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The Core Priciples and Values of Buddhism

The term "Buddha" means "enlightened one". Buddhism is a philosophy of life and does not entail any teachings about a personal god or gods. Buddhists believe that nothing is fixed or permanent and that change is always possible. Buddhism was expounded by Siddhattha Gautama also called, Gautama Buddha, who lived and taught in northern India in the 6th century BC, but has since spread throughout asia.

The Basic Teachings of Buddha which are core to Buddhism are:

  • The Three Universal Truths,

  • The Four Noble Truths,

  • The Noble Eightfold Path.

The Three Universal Truths

    1. Nothing is lost in the universe

    2. Everything Changes

    3. The Law of Cause and Effect


    A core belief of Buddhism is the law of karma, a word that has a specific meaning; pertaining to volitional or willful action. Things we choose to do or say or think set karma into motion.

    The law of karma is therefore a law of cause and effect as defined in Buddhism. Every volitional act brings about a certain result. If we act in motivation of greed, hatred, or delusion, we are planting the seed of suffering. When our acts are motivated by generosity, love, or wisdom, we are creating the karmic conditions for abundance and happiness. An analogy from the physical world illustrates this: if we plant an apple seed, no amount of manipulation or complaining will induce the tree to yield an orange. The only meaningful action that will produce an orange is to plant an orange seed. Karma is just such a law of nature, the law of cause and effect on the psychophysical plane.


    The goal state of Buddhism is Nirvana. A state of liberation and freedom from suffering. The Buddha taught that if a person releases their attachment to desire and the self, they can attain Nirvana.

    The Three Practices (or Trainings)

      1. Virtue, good conduct, morality (Sila): -- based on two fundamental principles:
        - Equality: all living entities are equal.
        - Reciprocity: same as the "Golden Rule" in Christianity, and one that exists in all major religions "do unto others as you would wish them to do unto you".

      2. Concentration, meditation, mental development (Samadhi):
      Developing one's mind is the path to wisdom which leads to personal freedom and the strengthening and control of our minds.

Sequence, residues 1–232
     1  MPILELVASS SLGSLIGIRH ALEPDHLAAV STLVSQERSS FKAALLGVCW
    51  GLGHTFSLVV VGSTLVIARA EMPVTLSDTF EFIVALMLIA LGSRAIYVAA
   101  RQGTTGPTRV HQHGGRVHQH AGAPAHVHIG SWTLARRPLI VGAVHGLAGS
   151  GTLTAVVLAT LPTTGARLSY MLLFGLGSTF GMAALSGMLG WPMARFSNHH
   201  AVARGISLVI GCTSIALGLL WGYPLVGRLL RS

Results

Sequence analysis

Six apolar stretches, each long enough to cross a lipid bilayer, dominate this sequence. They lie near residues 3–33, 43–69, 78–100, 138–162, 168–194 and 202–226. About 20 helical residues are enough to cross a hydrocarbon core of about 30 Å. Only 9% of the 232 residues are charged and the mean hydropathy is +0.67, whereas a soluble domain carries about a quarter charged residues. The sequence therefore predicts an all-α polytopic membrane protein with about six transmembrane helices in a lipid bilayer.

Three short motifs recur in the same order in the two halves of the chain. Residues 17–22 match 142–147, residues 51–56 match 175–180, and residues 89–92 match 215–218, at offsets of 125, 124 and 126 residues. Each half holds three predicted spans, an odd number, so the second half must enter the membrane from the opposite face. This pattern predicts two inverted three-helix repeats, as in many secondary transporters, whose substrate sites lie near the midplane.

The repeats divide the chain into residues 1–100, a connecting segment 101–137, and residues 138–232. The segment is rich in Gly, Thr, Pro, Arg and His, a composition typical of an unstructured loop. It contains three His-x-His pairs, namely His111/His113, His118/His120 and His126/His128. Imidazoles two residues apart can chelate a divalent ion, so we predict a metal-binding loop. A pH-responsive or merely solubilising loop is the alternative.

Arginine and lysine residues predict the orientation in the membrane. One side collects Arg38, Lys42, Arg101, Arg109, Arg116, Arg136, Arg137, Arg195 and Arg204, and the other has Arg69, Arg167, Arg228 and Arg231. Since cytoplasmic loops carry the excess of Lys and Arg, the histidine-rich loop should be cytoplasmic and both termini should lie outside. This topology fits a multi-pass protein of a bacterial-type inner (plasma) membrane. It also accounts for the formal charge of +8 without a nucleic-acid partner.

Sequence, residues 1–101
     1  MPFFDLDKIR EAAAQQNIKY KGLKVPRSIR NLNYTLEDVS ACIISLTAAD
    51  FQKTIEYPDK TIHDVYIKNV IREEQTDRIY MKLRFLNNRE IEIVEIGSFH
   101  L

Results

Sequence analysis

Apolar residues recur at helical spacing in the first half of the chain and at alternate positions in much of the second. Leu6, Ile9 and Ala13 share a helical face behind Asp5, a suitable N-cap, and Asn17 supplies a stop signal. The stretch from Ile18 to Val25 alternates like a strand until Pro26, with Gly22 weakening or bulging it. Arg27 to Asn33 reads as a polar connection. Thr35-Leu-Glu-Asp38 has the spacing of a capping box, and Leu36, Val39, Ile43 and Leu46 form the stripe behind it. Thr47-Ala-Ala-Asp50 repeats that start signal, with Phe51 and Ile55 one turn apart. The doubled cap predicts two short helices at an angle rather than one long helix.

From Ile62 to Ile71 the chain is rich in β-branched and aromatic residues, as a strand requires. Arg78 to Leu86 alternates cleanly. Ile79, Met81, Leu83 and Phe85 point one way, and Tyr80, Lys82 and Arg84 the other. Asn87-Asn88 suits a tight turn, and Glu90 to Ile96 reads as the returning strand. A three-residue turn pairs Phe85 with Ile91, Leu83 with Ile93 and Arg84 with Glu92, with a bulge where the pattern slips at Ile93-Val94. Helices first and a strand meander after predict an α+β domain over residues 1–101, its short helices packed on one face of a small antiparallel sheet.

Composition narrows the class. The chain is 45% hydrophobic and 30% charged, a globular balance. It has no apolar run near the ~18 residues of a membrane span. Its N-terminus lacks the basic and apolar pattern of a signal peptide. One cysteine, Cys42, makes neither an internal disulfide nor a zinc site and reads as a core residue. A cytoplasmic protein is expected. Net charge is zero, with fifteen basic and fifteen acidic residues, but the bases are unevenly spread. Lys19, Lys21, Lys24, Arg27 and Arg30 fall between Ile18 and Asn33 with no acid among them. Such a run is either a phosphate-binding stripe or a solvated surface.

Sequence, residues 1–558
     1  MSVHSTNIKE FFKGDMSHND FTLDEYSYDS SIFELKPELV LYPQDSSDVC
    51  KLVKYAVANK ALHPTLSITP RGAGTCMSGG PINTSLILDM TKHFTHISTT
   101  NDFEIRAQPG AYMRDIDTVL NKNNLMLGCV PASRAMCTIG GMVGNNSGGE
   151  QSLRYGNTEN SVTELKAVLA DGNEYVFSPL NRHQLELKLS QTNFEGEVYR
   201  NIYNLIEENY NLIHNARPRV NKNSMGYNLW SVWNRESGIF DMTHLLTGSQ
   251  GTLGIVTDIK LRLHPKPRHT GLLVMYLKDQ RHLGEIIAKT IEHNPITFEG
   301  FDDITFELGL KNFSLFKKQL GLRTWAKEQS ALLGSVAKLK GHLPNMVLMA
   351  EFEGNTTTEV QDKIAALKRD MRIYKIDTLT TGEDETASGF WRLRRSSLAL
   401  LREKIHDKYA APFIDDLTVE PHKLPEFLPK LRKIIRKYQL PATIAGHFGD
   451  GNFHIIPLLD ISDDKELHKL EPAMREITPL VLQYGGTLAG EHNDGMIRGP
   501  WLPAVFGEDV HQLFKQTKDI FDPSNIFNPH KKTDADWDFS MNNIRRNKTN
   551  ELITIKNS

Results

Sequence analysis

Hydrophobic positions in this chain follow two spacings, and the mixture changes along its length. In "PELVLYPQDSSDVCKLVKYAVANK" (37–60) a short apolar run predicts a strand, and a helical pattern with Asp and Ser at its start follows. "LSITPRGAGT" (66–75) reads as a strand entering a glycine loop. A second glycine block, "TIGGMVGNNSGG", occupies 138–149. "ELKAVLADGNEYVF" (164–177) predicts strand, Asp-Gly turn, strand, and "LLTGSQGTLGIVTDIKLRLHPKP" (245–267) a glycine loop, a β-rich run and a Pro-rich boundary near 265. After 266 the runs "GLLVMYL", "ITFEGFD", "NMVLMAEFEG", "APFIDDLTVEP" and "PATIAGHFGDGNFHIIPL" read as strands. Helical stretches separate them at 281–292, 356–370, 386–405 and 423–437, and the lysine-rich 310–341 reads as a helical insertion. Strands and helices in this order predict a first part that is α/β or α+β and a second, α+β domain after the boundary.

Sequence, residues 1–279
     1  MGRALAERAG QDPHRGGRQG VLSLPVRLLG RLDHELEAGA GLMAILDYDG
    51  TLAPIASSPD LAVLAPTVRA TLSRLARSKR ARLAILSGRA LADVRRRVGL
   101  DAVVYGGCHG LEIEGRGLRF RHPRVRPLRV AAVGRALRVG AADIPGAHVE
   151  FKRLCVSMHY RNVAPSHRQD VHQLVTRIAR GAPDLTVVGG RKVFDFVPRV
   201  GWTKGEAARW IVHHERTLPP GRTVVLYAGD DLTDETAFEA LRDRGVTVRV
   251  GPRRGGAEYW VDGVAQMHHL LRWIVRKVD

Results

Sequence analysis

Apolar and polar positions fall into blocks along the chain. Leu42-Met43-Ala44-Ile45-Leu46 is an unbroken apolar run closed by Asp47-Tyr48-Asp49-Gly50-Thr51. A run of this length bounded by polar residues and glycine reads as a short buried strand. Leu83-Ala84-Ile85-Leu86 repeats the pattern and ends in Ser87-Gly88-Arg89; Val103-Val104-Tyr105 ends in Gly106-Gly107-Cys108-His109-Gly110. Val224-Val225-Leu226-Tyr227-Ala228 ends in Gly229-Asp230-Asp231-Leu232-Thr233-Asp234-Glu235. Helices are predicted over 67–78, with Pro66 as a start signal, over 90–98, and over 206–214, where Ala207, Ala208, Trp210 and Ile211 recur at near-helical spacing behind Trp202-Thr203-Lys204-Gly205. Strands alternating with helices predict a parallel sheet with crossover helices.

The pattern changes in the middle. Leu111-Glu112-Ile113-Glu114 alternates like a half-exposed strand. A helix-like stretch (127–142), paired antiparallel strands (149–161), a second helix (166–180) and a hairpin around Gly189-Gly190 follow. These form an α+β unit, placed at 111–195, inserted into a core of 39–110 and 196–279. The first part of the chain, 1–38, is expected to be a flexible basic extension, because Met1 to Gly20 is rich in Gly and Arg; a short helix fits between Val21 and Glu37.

3. Discernment, insight, wisdom, enlightenment (Prajna):
      This is at the heart of Buddhism. Wisdom will emerge if your mind is pure and calm.

The Four Noble Truths

The Four Noble Truths are a contingency plan for dealing with the physical or mental suffering humanity faces.

The truths are:

    1. Suffering Exists (Dukkha): The First Truth identifies that suffering exists.

    2. Suffering is Caused by Attachment (Samudaya): The Second Truth, seeks to determine the cause of suffering. It stems from the desire to have and control things and from ignorance. By desire, Buddhists refer to craving pleasure, material goods, and immortality; all wants that can never be satisfied. As a result, desiring them can only bring suffering. Ignorance, in comparison, relates to not seeing the world as it actually is. Without the capacity for mental concentration and insight, Buddhism explains, one's mind is left undeveloped, unable to grasp the true nature of things. Vices, such as greed, envy, hatred and anger, derive from this ignorance.

    3. There is an End to Suffering (Nirodha): This truth has a dual meaning, suggesting either the end of suffering in this life on earth, or in the spiritual life, through achieving Nirvana. Suffering ceases with the liberation of Nirvana, a transcendent state free from suffering and our worldly cycle of birth and rebirth, a place where spiritual enlightenment has been reached.

    4. The Method for Attaining the end of Suffering (Magga): The Fourth Noble truth charts the method for attaining the end of suffering, known to Buddhists as the Noble Eightfold Path

The Eightfold Path

The Buddha's Eightfold Path consists of eight practices:

    Panna: discernment, wisdom

    1. Right View (Samma ditthi): A true understanding of how reality and suffering are intertwined.

    2. Right Resolve (Samma sankappa): Having the aspiration to free oneself from attachment, ignorance, and hatefulness.

    Sila: virtue, morality

    3. Right Speech (Samma vaca): Involves abstaining from lying, gossiping, or hurtful talk.

    4. Right Conduct (Samma kammanta): Involves abstaining from hurtful behaviors, such as killing, stealing, and careless sex.

    5. Right Livelihood (Samma ajiva): Means making your living in such a way as to avoid dishonesty and hurting others.

    Samadhi: Concentration, meditation

    6. Right Effort (Samma vayama): Promote good thoughts; conquer evil thoughts. Exerting oneself to abando Bad qualities and nurturing Good ones.

    7. Right Mindfulness (Samma sati): Focusing your attention on your body, feelings, thoughts, and consciousness in such a way as to overcome craving, hatred, and ignorance.

    8. Right Concentration (Samma samadhi): Meditate to achieve a higher state of consciousness. Meditating in such a way as to progressively realize a true understanding of imperfection, impermanence, and non-separateness.